Certain postures, and particularly abnormalities in posture like those described above, can provide invaluable information about muscle tightness, muscle imbalances and potential injury and performance issues as noted earlier. For example, if we are performing a visual examination of a college baseball pitcher, we may notice some deviations commonly seen in pitchers. This would include but is not limited to: scapular protraction and depression, scapular winging, thoracic and lumbar scoliosis, pelvic asymmetry, hip adduction, genu valgum and foot pronation. For the college pitcher, this can be the result of years and years of participation in a sport that requires an asymmetrical or one-sided position. If this asymmetry is not addressed with training both during the season and after, tightness and weakness can result that can lead to injury and decrease performance. Let’s look at a few postural deviations more closely, reviewing the likely causes, potential injuries that can occur, and a few of the performance issues that can arise:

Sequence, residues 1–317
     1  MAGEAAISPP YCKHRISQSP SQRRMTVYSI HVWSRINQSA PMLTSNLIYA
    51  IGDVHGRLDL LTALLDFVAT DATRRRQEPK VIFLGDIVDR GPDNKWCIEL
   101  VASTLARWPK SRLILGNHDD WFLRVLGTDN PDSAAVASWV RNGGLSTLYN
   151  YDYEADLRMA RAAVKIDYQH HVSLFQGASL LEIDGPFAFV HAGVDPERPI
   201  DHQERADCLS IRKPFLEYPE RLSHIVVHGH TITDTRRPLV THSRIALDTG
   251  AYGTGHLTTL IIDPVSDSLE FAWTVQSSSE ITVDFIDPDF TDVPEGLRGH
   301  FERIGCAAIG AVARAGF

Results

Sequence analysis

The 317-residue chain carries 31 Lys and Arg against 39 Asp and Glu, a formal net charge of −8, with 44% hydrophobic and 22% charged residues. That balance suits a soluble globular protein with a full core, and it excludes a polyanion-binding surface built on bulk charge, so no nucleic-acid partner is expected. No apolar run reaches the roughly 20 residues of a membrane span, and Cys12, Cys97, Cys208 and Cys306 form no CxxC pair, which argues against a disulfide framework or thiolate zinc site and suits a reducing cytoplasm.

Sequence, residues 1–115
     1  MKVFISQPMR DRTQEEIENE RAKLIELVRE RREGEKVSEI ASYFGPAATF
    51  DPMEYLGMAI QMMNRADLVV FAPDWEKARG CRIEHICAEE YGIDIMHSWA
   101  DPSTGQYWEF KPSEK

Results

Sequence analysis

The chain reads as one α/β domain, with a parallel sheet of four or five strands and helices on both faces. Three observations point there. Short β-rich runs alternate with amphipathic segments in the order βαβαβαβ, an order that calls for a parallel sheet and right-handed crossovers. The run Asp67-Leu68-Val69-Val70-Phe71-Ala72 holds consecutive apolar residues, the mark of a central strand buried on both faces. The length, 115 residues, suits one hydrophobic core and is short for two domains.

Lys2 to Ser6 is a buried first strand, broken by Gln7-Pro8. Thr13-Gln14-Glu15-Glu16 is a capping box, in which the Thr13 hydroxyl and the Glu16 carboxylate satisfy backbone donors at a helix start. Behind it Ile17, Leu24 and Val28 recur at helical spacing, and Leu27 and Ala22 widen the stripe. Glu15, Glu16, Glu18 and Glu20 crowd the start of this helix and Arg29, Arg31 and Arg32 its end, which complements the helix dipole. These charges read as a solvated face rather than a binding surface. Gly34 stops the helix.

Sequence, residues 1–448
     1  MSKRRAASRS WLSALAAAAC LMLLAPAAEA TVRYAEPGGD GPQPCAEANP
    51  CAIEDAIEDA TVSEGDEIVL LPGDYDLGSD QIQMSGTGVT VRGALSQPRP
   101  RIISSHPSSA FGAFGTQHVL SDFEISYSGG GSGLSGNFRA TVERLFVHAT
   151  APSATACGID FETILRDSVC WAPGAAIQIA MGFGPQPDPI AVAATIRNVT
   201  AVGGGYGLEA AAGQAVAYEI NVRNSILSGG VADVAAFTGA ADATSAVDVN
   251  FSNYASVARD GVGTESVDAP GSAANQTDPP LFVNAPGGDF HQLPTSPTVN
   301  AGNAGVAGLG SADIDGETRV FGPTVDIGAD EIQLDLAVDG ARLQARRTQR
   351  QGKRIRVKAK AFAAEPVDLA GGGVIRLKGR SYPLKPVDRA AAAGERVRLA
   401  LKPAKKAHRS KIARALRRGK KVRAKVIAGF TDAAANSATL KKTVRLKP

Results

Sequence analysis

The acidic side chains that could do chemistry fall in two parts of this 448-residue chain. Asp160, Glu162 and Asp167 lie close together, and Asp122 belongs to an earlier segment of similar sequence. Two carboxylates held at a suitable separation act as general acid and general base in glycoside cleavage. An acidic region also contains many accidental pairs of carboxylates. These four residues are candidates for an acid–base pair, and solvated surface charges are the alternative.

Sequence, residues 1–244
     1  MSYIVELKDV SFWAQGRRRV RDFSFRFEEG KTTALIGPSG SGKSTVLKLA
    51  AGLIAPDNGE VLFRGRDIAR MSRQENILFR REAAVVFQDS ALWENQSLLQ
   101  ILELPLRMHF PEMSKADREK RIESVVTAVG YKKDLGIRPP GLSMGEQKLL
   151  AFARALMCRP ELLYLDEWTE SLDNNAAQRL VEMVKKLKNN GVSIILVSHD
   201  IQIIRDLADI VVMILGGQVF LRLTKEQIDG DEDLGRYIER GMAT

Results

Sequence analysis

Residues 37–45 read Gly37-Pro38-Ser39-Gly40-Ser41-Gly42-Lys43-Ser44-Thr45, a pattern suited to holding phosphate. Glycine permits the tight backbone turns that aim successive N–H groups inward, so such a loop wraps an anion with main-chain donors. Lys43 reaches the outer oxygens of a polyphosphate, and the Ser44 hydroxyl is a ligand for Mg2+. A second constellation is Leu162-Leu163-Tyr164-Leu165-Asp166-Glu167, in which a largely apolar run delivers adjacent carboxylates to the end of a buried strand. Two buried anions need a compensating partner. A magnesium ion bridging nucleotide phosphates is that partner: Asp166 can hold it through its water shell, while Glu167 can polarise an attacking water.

This can be the result of tightness of the anterior structures (pectorals, etc.) and weakness of the posterior structures (rhomboids, etc).